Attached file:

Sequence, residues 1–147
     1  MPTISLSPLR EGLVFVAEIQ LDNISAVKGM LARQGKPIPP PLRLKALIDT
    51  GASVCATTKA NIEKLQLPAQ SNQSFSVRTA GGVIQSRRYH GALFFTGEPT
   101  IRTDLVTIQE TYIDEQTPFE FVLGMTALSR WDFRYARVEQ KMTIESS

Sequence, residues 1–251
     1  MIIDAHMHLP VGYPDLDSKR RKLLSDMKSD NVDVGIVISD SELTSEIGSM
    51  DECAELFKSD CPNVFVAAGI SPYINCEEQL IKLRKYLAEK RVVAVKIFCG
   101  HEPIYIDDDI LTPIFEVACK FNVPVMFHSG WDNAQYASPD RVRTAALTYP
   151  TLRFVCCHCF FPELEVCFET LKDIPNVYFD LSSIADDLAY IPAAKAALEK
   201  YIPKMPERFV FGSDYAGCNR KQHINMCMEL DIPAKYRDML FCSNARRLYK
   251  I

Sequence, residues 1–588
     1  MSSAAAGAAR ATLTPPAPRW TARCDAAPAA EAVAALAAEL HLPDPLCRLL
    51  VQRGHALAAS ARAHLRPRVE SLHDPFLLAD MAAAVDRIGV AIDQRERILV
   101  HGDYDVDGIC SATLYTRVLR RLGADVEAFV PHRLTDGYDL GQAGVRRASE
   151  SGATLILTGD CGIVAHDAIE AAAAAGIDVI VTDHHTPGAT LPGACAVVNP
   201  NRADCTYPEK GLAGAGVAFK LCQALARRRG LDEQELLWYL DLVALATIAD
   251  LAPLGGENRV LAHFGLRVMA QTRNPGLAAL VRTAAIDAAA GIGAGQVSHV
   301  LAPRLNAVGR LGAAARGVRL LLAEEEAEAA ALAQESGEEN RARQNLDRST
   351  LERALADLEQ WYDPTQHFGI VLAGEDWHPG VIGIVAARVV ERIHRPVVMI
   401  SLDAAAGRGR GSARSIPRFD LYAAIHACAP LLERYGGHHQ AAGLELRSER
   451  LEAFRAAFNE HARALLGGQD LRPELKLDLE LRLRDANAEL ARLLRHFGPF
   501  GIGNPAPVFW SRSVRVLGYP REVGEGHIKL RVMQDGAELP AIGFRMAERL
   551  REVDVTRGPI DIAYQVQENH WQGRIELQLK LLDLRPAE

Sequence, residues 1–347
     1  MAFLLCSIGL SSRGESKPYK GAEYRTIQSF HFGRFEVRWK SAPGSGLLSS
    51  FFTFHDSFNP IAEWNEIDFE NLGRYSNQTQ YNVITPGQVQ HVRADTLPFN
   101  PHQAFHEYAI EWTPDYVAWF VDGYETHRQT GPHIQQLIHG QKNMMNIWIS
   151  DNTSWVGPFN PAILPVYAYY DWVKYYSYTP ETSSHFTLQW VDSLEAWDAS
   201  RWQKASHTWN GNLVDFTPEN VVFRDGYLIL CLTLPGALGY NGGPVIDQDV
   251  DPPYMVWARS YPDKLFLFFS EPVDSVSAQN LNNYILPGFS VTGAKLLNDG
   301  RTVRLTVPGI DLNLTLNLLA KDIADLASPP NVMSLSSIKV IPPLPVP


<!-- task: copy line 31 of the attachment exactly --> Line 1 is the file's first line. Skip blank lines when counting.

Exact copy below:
   251  DPPYMVWARS YPDKLFLFFS EPVDSVSAQN LNNYILPGFS VTGAKLLNDG